(b) receiving a sync request from the target replica at the source replica, said request containing a plurality of item-set knowledge fragments, said plurality of item-set knowledge fragments indicating versions of items of which the target replica is aware and which are within the first interest set of items, and said plurality of item-set knowledge fragments indicating versions of items not within the first interest set of items stored in said step (a);
(c) transmitting from the source replica to the target replica versions of items which are not known to the target replica and which are not represented by the one or more knowledge fragments stored in said step (a);
(d) transmitting from the source replica to the target replica a plurality of item-set knowledge fragments indicating versions of items learned by the target replica and within the first interest set of the target replica and versions of items learned by the target replica and not within the first interest set of the target replica.
14. A computer implemented method as recited in
15. A computer implemented method as recited in
16. A computer implemented method as recited in
17. A computer implemented method as recited in
18. A computer implemented method as recited in
The following application is cross-referenced and incorporated by reference herein in its entirety:
U.S. patent application Ser. No. 11/751,478 [MS# 318994.01], entitled “Item-Set Knowledge for Partial Replica Synchronization,” by Ramasubramanian et al., filed on May 21, 2007.
In a collection of computing devices, a data item may be multiply replicated to create a number of copies of the item on the different computing devices and/or possibly within a single device. An item may be any stored data object, such as for example contact or calendar information, stored pictures or music files, software application programs, files or routines, etc. The collection of computing devices may for example be a desktop computer, a remote central server, a personal digital assistant (PDA), a cellular telephone, etc. The group of all such items and replicas where the items are stored may be referred to as a distributed collection.
In many cases, a user would like all of their various data storing devices to have the latest updated information without having to manually input the same changes into each device data store. Replication, or synchronization, of data is one process used to ensure that each data store has the same information. Synchronization protocols are the means by which devices exchange created and updated versions of items in order to bring themselves into a mutually consistent state. The periodicity of the sync may vary greatly. Networked devices may sync with each other frequently, such as once every minute, hour, day, etc. Alternatively, devices may sync infrequently, such as for example where a portable computing device is remote and disconnected from a network for a longer period of time. Whether the synchronization is frequent or infrequent, the distributed collection is said to be weakly-consistent in that, in any given instant, devices may have differing views of the collection of items because items updated at one device may not yet be known to other devices.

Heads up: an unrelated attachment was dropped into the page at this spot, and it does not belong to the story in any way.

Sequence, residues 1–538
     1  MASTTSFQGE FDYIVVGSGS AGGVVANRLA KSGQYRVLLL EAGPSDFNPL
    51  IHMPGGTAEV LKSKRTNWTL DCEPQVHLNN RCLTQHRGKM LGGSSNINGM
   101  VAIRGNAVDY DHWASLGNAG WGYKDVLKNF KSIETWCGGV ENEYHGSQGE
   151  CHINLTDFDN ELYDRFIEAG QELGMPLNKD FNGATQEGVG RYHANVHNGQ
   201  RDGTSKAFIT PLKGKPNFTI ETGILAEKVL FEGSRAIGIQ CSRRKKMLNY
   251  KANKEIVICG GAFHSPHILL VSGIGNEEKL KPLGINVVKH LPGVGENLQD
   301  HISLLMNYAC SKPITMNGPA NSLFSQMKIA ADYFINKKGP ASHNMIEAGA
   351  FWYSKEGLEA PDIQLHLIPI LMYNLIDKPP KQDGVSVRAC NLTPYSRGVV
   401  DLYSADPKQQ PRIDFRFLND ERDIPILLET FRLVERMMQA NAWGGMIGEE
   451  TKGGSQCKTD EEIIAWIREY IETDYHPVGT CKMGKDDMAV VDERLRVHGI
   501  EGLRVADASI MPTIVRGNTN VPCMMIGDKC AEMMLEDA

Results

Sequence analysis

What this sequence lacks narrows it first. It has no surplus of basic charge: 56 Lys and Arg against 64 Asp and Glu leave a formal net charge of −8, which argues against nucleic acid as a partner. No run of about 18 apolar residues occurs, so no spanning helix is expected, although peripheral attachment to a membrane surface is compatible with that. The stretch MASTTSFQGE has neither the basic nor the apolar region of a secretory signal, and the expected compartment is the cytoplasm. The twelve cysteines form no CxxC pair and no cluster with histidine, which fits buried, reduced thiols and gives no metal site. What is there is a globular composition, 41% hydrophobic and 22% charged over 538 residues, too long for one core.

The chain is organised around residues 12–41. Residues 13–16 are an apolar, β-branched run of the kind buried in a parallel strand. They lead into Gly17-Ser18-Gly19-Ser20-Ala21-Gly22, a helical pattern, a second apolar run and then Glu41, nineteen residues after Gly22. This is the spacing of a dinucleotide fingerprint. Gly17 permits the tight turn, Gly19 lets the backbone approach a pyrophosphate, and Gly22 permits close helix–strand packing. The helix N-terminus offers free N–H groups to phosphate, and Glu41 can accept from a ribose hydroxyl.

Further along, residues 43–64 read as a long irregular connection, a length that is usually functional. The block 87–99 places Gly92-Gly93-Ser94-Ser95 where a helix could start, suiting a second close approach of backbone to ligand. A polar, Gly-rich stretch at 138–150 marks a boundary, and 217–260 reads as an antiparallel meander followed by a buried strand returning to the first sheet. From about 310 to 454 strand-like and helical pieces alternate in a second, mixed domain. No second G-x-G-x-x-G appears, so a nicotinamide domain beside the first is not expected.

As an example, a user may maintain an electronic address book or a set of email messages in a variety of different devices or locations. The user may maintain the address book or email addresses, for example, on a desktop computer, on their laptop computer, on a personal digital assistant (PDA) and/or mobile phone. The user may modify the contact information or send/receive email addresses using applications associated with each location. Regardless of where or how a change is made, one goal of replication is to ensure that a change made on a particular device or in a particular location is ultimately reflected in the data stores of the other devices and in the other locations.
Synchronization between replicas may be described as a sharing of knowledge between replicas. A common knowledge sharing scheme involves tracking, within each replica, changes that have occurred to one or more items subsequent to a previous replication. One such tracking scheme makes use of version vectors, which consist of list of version numbers, one per replica, where each version number is an increasing count of updates made to an item by a replica. During synchronization, one replica sends version vectors for all of its stored items to another replica, which uses these received version vectors to determine which updated items it is missing. Comparing the version vectors of two copies of an item tells whether one copy is more up-to-date (every version number in the up-to-date copy is greater than or equal to the corresponding version number in the other copy) or whether the two copies conflict (the version vectors are incomparable). The replica may then update its copy of the item if required or make efforts to resolve the detected conflict.
Although version vectors enable replicas to synchronize correctly, they introduce overhead. The version vector of each item may take O(N) space in an N replica replication system, thus requiring O(M*N) space across an M item collection. This space requirement could be substantial if the number of items is large and could approach the size of the items themselves if items are small. Similarly, exchanging version vectors during synchronization consumes bandwidth. Even if two replicas have fully consistent data stores, they still need to send a complete list of version vectors whenever they periodically perform synchronization.